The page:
In contrast MJW says the replacement activity demonstrated by advisers exacerbates under insurance as it adds 10% to 15%, or $100 million, to industry costs every year, which consumers essentially pay for through higher premiums.

MJW accused of being swayed by the FSC’s ‘more powerful’ members

These conclusions are among those that have prompted AIA, Partners Life, Fidelity Life and Asteron Life to resign their memberships from the Financial Services Council (FSC), whose members paid MJW $200,000 to write an independent report on the issue. 

AIA chief executive Natalie Cameron says the report was written according to the agenda of the FSC’s “more powerful” members. The FSC’s members include insurers and banks.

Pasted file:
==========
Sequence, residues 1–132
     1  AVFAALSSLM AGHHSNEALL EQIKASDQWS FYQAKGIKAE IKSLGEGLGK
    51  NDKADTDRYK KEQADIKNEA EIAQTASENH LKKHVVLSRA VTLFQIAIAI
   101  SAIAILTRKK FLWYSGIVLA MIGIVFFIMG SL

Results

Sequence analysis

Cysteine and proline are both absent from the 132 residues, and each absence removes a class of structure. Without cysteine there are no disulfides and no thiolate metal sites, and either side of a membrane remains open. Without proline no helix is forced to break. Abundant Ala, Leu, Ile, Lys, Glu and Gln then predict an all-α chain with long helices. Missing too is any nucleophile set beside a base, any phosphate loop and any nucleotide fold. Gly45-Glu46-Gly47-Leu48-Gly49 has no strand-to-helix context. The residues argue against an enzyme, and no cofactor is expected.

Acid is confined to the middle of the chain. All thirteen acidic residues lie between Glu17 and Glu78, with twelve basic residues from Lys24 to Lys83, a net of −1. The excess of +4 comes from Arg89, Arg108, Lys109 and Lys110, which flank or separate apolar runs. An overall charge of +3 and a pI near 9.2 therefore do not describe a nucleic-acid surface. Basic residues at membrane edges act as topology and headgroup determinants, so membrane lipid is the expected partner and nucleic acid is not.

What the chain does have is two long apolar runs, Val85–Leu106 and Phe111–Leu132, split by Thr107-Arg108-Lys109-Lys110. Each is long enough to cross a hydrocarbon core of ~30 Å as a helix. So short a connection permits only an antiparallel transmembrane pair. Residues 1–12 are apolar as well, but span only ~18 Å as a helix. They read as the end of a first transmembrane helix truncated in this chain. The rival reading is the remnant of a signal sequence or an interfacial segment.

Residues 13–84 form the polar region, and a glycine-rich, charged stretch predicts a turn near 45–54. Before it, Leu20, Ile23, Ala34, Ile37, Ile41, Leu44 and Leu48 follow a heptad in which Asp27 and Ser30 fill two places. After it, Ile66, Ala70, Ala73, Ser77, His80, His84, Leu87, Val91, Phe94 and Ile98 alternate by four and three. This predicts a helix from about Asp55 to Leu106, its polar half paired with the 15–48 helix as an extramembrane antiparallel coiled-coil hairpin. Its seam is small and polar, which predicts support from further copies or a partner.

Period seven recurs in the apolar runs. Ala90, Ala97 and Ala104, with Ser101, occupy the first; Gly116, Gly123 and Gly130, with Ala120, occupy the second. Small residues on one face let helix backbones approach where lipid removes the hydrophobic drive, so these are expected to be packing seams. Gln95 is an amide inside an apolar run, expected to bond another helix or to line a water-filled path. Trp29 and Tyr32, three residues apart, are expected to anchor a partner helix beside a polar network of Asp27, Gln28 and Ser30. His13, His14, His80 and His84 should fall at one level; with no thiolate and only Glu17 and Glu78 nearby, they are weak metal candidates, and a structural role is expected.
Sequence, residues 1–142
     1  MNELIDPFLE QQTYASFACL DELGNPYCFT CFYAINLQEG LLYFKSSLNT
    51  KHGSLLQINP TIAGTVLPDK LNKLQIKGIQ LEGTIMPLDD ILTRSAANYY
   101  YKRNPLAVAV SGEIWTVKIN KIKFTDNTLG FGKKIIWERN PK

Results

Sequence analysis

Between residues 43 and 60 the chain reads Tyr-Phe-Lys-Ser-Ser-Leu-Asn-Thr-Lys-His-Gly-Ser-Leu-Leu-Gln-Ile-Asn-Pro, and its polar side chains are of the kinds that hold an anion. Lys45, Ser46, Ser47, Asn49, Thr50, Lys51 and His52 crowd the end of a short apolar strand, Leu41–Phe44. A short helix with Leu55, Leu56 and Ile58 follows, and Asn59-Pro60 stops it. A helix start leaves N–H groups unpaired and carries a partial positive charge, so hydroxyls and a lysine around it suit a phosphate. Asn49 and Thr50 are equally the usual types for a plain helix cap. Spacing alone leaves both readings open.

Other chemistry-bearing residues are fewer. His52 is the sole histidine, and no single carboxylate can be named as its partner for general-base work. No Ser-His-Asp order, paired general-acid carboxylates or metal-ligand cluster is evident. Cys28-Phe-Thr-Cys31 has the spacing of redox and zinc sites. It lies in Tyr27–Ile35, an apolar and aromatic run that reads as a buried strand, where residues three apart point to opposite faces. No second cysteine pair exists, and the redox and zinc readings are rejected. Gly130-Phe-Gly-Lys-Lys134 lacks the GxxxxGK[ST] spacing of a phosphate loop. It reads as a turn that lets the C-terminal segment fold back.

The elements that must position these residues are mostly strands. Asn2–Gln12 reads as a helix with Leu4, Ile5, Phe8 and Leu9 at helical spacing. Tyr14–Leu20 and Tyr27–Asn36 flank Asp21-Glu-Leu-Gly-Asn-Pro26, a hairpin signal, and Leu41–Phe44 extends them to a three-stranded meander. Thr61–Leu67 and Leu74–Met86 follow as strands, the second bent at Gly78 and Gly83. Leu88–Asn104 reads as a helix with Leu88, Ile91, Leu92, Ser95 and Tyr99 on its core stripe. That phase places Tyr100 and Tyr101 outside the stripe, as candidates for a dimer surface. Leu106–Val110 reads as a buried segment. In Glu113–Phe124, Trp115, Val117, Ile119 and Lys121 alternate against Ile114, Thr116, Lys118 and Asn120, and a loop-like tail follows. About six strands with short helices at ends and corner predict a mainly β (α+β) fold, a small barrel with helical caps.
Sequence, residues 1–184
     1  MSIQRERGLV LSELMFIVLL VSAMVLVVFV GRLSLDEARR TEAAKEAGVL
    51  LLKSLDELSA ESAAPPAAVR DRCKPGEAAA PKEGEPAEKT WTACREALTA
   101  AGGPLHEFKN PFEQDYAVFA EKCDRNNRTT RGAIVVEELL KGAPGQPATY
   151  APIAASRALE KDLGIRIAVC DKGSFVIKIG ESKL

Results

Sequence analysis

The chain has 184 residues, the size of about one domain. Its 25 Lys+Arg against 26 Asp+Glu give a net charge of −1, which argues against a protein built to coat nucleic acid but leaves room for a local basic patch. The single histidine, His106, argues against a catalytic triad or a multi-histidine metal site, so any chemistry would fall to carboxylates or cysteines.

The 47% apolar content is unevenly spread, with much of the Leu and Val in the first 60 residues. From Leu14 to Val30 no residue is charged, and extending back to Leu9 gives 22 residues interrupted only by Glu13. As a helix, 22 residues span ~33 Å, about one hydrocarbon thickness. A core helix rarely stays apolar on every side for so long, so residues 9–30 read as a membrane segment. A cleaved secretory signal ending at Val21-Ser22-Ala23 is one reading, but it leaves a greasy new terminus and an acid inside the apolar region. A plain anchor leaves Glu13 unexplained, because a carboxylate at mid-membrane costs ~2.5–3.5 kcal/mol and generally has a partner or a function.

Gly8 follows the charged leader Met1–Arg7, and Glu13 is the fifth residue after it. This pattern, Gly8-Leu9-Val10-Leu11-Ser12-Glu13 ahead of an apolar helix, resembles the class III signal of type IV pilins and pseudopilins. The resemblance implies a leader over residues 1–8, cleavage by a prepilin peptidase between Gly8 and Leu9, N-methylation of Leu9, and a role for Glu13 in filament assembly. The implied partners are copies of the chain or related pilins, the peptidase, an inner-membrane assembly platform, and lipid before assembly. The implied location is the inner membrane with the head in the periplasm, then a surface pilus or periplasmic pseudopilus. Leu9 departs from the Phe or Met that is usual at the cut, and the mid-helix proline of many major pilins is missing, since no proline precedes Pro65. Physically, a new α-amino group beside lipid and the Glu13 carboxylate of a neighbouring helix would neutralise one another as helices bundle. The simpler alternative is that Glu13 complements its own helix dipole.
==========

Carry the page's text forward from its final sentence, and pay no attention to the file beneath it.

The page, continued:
“Despite recent reports of conflicts of interest in the banking channels; these were entirely excluded from the report,” she says.

“I’m not saying there’s not a place for banks in insurance, but I’m saying any report that was fairly and accurately surveying the landscape of commissions and conflicts, ought to also consider what happens at a bank.

“The bank produces the product, manages the sale of the product, distributes the product, and sets their staff targets to sell that one product. In terms of conflicts, there’s an enormous amount and there’s not a lot of disclosure when you’re buying from a bank.”

Cameron says there’s a different process and thus a different outcome buying insurance through a bank.

“They’re two completely different beasts,” she says.